US Critical Materials Corp. announced Tuesday that rare earth samples from 125 feet underground at its flagship Sheep Creek property in Southwest Montana report grades that exceed any other domestic rare earth resource.
The results included channel samples from two underground adits that were unsealed in October 2022 and sampled in November 2022.
US Critical Materials said the claims at Sheep Creek contain 12 of the most essential critical minerals needed for electrification and to establish a domestic supply chain, as North America’s reliance on China for rare earths has become increasingly untenable.
The Sheep Creek project area is in Ravalli County, an hour from Darby, and is accessible by paved roads for 40 miles and then an additional 4 miles along all-weather gravel roads. US Critical Materials holds 223 lode claims on 4,700 acres. More than 50 carbonatite dikes have been identified in the prospect area.
In addition to high grades, the underground data shows a low thorium level — below 500 parts per million, which will negate the need for a Nuclear Regulatory Commission permit, likely speeding up the overall permitting process and will make extraction and processing easier, faster, and less damaging to the environment, Critical Materials executive director Harvey Kaye told MINING.com.
“What we believe is the differentiator between Sheep Creek and the other players is that these deposits are not 600 feet on the ground, but are more easily obtainable,” Kaye said.
“We have the ability to bring these online, we believe, a lot faster than most that talk 10 years, when the reality is that all the American automotive companies, the Department of Defense, [and] renewable energy sources need these products now.”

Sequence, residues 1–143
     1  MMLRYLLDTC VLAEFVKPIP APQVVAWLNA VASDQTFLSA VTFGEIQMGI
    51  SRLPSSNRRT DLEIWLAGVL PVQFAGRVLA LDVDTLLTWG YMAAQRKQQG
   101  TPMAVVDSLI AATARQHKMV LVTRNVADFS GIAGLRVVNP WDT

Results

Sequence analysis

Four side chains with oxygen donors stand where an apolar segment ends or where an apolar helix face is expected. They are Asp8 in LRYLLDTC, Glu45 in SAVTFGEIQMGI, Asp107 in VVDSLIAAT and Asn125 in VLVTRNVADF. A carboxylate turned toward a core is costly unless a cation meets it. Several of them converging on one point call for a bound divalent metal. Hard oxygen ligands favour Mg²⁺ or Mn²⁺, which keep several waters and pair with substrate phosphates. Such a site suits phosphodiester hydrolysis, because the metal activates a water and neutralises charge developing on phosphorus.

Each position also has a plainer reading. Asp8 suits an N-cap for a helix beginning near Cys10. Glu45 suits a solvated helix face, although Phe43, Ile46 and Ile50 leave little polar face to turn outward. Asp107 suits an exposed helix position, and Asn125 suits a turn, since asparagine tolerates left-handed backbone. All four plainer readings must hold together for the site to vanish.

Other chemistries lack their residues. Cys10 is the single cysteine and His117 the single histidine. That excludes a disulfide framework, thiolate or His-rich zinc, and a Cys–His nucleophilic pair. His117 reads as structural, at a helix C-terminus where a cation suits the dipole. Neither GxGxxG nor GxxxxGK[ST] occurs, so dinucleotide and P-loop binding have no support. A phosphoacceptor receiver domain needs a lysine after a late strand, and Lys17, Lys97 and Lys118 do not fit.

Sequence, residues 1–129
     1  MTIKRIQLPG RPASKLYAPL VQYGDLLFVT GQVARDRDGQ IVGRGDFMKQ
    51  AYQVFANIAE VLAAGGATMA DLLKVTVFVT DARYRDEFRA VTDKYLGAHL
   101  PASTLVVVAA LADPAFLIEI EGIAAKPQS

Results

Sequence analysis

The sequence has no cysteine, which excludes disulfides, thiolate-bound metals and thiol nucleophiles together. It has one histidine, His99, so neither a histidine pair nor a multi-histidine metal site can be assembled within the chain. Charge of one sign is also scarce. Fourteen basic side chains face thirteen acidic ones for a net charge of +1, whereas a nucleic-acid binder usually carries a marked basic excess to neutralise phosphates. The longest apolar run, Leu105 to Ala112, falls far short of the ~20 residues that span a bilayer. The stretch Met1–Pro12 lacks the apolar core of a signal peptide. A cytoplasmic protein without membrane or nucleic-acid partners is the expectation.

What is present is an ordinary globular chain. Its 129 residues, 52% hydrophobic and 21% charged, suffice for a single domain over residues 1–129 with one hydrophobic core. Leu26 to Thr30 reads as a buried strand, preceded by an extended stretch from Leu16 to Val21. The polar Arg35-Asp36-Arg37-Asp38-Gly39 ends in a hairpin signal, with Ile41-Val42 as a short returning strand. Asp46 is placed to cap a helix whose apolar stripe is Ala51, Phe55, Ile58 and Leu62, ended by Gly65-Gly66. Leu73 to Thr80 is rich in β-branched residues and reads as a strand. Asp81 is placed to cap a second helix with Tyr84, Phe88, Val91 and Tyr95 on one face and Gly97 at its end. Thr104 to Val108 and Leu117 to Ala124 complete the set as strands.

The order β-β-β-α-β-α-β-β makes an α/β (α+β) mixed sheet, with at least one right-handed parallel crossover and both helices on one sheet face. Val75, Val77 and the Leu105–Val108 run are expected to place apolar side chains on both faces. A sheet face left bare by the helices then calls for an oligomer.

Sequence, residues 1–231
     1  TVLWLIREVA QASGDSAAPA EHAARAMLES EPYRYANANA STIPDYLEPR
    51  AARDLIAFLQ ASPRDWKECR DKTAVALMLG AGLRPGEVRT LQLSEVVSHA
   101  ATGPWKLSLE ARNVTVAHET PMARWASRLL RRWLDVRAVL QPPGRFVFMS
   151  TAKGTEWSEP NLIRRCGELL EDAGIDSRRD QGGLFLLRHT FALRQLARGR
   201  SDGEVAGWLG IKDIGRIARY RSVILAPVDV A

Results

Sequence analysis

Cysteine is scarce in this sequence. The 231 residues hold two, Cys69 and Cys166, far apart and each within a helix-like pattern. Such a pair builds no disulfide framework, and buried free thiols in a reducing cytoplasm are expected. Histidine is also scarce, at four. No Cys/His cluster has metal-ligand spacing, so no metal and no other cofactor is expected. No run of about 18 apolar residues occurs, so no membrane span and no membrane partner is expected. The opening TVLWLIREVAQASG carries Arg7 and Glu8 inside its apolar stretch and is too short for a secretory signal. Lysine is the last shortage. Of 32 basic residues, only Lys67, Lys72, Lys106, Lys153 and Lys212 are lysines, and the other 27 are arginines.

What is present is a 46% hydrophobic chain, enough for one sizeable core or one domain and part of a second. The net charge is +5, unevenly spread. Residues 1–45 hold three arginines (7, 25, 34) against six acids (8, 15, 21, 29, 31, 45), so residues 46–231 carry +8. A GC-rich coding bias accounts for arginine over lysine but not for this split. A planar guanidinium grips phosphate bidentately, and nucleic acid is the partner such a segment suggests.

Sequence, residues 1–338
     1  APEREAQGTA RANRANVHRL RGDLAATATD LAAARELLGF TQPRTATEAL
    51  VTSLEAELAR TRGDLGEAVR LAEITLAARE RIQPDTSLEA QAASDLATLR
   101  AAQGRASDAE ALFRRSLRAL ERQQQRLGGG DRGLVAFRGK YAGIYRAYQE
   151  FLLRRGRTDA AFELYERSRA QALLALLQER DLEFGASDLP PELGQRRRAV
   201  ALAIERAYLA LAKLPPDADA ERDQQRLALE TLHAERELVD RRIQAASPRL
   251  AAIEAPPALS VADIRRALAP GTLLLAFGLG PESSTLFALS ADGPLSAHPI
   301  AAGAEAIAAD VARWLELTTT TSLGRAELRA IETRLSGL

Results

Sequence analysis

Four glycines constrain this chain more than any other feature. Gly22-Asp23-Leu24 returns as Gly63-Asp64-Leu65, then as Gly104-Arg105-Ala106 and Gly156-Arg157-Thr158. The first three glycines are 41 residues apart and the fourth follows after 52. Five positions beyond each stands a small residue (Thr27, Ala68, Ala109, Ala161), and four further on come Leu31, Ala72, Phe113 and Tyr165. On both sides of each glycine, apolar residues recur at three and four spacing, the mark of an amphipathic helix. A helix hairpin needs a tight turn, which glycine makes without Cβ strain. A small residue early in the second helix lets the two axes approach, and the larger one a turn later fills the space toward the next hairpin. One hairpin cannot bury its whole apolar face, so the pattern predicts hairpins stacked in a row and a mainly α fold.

Critical Materials president Jim Hedrick, a former rare earth commodity specialist for the USGS, said the combination of high-grade rare earths, low thorium, and carbonatites 125 feet below surface is a geological phenomenon that “does not exist in other reported US deposits.”
Hedrick said the pre-resource-stage deposit is valued at a “conservative” $43 billion.
“Over the course of my career independently evaluating rare earth properties within the US, I have never encountered a property with the grades being generated by Sheep Creek,” Hedrick said.
Hendrik added that the company’s geologists found 50 carbonites over 800 acres, and they believe there is a ‘continuous source’ underground that ties it all together.
He pointed out that the rare earths at Sheep Creek support the production of Samarium Cobalt —alternative rare earth magnets used in aerospace, automotive and military applications such as sidewinder missiles, and added that if cobalt production comes online in Montana the results could be a “marriage made in heaven.”
“As we drill in different areas over the 50 carbonatites, hopefully it is continuous, because there is some similarities between all of the carbonatites, ancylites, primarily, the main mineral…in some of the minor elements change on trend from northwest to the southeast… other elements, like gallium goes down, but then niobium goes up – but the rare earths are staying pretty much the same,” Hedrick said.
“That’s all a good indicator, and that there’s so many … it’s not a small area, but its a lot of carbonatites for 800 acres,” Hedrick said. “It’s showing that there is probably a similar source for all of these – and that’s what we’ll be going out there to prove.”
A drilling program is slated for Q2 2023.
Also Published on Mining.com: Sheep Creek Deposit’s Rare Earth Samples Exceed Highest Grades In US